Then there are the scumbags. Those who are anti-vaxxers, who want to scare people and push those who may be vaccine hesitant into the camp of those who refuse to be vaccinated. They aren’t scumbags for that reason necessarily, but rather because they see these trends we have highlighted and then seek to manipulate them and people’s trauma for their own agenda.
A recent example was the death of SA actor and producer Shona Ferguson. Some said his death was a result of the vaccine. His family stated it was as a result of Covid, not the vaccine. People in the public eye are often used to more than their fair share of trolling and insensitivity, but actively seeking to misrepresent the cause of death of a person is grossly insensitive and undignified. It takes a special sort of person to play on the trauma of others.
We need to be careful to distinguish people who are vaccine hesitant (they may have legitimate fears and concerns about the vaccines) from the anti-vaxxers, who support conspiracy theories and use fear-mongering and disinformation to muddy credible discussion.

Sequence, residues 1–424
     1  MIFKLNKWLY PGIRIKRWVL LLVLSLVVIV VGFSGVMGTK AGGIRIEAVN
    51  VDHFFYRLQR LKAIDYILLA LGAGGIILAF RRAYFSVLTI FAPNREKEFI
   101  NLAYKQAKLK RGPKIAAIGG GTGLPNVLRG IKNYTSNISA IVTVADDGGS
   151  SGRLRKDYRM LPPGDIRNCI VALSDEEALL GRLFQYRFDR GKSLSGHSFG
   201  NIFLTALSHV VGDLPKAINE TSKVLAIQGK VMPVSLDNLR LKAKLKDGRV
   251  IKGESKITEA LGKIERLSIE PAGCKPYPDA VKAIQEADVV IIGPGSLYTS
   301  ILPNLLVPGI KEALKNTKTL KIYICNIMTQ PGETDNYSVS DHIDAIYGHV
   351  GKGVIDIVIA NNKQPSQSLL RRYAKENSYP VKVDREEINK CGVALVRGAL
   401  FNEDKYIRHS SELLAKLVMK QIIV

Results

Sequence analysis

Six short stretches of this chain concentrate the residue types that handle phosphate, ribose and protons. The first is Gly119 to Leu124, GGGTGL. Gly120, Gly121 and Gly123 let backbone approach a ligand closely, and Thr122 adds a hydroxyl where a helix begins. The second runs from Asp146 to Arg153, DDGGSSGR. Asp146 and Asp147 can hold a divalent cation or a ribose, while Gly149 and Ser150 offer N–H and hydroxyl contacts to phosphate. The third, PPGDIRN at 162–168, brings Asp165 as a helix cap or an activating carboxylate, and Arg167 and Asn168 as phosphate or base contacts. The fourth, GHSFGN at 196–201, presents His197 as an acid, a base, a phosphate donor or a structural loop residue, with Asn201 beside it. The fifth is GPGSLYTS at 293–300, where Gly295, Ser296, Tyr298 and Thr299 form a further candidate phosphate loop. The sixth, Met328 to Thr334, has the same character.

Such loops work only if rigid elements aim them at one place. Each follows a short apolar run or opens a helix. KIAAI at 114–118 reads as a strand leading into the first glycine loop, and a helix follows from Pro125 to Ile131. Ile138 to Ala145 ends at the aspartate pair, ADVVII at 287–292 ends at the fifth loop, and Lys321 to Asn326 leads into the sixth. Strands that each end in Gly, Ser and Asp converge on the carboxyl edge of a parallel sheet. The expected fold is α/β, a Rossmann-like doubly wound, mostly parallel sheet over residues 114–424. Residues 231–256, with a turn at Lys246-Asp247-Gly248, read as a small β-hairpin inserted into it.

Our nation is already deeply traumatised as a result of our levels of violence, the pandemic and the relentless loss and stress. The death of a loved one is deeply traumatic and psychologists and others advise against making big decisions in a state of bereavement and grief.
People in a state of grief may experience confusion and not question claims before them. They may be inclined to go with their emotions instead of the evidence. Given how many people are in varying states of grief and trauma, it is likely that they may be more vulnerable to accept claims about the vaccine being dangerous.